The global demand for electricity to provide ubiquitous connectivity through 5G, 6G and smart infrastructure is growing. This report explains the high beam perspective; its economic, human and environmental impacts; and the challenges of making the technology reliable, efficient, versatile and safe.
Below are the main findings of the report:
Lasers and microwaves offer different approaches to power transfer, each with its own advantages and disadvantages. While microwave-based power transmission has a more established track record due to lower equipment costs, laser-based approaches are showing promise, backed by a growing stream of successful trials and pilot projects. Laser radiation holds great promise for powering equipment at remote sites, the economy in low Earth orbit, electric transport, and underwater applications. The main advantage of lasers is the narrow concentration of beams, which allows the use of smaller transmitting and receiving installations. On the other hand, they have the disadvantage of being disturbed by atmospheric conditions and human interference, although continuous efforts are being made to eliminate these disadvantages.
Energy transfer can accelerate energy decarbonization, improve internet connectivity, and provide disaster response. Climate change is driving investment in energy beams, which could support more radical energy transition approaches. Due to the constant availability of solar energy, transferring it directly from space to Earth provides a better conversion compared to ground-based solar panels when averaged over time. Electric transport – from trains to planes or drones – benefits from energy transfer by avoiding the disruptions and costs associated with laying cables, wiring or recharging landings.
The beams can also transmit power from remote renewable energy sites such as offshore wind farms. Other areas where power transmission could revolutionize energy solutions include fueling space missions and satellites, providing 5G, and post-disaster humanitarian response in remote regions or areas where networks have failed due to extreme weather events, the frequency of which will increase from -for climate change. In the short term, as efficiency continues to improve, power transfer can reduce battery drain, especially in low power indoor applications.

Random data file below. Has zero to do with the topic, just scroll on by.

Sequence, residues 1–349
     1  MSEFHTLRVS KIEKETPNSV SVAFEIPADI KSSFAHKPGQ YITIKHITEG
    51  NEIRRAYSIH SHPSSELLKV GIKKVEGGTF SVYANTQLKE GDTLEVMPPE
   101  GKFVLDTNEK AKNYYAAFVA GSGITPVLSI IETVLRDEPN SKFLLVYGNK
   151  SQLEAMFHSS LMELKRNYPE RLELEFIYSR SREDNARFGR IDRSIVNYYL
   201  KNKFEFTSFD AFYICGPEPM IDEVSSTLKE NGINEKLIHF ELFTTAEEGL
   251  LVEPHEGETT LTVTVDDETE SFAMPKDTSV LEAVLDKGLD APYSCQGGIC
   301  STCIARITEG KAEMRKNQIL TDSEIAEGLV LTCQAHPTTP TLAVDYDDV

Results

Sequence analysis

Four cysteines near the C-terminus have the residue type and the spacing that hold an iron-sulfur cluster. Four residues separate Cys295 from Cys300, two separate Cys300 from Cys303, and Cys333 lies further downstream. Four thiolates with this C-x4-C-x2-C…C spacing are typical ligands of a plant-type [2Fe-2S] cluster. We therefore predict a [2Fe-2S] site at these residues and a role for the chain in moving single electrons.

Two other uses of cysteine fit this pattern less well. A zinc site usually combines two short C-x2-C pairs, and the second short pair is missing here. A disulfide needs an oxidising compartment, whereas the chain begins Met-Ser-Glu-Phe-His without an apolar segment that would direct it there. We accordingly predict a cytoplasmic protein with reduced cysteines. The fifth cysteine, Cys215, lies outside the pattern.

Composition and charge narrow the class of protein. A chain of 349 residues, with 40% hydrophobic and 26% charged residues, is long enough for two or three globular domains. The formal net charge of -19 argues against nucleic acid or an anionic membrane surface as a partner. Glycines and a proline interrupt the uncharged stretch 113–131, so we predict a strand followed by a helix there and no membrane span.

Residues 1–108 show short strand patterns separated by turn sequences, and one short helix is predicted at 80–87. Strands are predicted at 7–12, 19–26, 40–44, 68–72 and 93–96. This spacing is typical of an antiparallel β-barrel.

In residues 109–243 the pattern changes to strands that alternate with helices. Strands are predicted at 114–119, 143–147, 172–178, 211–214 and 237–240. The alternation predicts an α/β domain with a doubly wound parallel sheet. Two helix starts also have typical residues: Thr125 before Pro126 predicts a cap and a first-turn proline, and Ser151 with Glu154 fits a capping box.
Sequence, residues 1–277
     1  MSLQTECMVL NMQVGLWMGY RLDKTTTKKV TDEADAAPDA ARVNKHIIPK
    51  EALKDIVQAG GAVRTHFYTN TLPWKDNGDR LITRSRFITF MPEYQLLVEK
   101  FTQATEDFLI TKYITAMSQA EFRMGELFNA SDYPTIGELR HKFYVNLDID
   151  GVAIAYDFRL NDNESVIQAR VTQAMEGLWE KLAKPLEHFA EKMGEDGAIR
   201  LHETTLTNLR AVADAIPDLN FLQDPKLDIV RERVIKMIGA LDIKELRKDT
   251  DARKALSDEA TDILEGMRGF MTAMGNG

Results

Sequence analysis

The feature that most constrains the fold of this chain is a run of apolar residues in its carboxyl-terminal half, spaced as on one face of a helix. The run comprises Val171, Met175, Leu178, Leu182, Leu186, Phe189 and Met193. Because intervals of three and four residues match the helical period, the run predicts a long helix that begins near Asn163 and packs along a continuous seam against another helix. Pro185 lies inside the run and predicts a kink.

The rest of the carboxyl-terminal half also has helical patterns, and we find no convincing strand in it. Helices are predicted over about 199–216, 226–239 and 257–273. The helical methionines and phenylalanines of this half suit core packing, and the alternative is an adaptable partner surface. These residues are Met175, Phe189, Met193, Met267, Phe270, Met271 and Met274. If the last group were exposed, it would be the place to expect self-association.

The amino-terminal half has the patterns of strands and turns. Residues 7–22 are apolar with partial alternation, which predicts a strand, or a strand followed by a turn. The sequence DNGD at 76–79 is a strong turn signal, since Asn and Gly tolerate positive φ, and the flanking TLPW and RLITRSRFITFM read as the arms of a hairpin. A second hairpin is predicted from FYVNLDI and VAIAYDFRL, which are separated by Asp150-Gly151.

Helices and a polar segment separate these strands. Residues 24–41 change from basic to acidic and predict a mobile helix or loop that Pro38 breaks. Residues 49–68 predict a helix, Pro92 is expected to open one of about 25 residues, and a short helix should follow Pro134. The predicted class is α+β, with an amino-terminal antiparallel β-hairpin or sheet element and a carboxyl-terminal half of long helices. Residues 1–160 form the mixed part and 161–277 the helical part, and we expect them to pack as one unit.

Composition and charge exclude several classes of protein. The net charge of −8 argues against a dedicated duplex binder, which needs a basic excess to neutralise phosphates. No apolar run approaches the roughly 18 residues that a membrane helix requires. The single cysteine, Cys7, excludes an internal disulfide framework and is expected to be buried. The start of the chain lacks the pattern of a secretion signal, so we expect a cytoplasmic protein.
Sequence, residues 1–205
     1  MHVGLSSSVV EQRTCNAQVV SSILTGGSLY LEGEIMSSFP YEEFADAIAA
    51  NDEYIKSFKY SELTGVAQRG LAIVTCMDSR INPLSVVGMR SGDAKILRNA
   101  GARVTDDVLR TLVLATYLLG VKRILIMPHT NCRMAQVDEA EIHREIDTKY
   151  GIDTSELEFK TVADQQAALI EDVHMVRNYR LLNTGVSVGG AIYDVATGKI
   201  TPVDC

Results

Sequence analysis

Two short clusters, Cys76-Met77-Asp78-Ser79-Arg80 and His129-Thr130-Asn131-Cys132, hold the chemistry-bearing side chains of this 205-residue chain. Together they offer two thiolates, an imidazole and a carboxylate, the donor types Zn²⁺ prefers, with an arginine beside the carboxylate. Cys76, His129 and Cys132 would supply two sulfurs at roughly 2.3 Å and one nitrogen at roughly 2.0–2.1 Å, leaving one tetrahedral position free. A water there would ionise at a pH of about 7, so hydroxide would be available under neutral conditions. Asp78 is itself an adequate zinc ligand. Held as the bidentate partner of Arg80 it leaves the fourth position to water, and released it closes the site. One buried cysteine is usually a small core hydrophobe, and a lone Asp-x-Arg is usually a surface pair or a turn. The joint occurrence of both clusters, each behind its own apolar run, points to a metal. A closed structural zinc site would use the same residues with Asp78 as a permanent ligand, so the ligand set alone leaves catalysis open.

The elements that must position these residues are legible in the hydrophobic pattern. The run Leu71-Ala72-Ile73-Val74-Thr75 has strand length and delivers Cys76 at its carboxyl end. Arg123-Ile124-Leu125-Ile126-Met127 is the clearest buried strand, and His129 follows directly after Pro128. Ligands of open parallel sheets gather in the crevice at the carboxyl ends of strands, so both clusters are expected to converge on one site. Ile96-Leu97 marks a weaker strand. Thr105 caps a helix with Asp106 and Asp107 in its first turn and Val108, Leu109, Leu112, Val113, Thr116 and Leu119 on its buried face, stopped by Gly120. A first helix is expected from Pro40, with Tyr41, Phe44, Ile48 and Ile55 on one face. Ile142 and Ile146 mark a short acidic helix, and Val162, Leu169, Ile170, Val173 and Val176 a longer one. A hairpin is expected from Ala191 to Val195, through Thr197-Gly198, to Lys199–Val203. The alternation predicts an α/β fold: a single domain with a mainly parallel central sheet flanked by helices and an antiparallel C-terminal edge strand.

Public participation and education is critical to support the adoption of Power Beaming technology. Lasers and microwaves can produce images of deadly rays and unforeseen health risks. The public reaction to 5G shows the importance of education and information about the safety of new, “invisible” technologies. Based on decades of research, microwave and laser power transmission has been proven to be safe. The public lives comfortably among invisible forces such as Wi-Fi and wireless data transmission; Power Beaming is just the newest chapter.
Commercial investment in power transmission remains muted due to a combination of historical skepticism and uncertain time horizons. While private investment in futuristic industries such as fusion and satellites is skyrocketing, the energy beam sector has received relatively little investment and venture capital compared to the scale of the opportunity. This is partly a “first mover” problem, experts say, as capital allocators wait for signs of momentum. This may be a holdover from past decisions to abandon the beam due to high cost and impracticality, even if such restraint was based on earlier technologies that are now surpassed. Power Beaming also tends to fall between two R&D comfort zones for large corporations: it doesn’t deliver short-term financial benefits, but it also isn’t long-term enough to justify a steady stream of funding.
This content was prepared by Insights, the user-generated content division of MIT Technology Review. This was not written by the editors of the MIT Technology Review.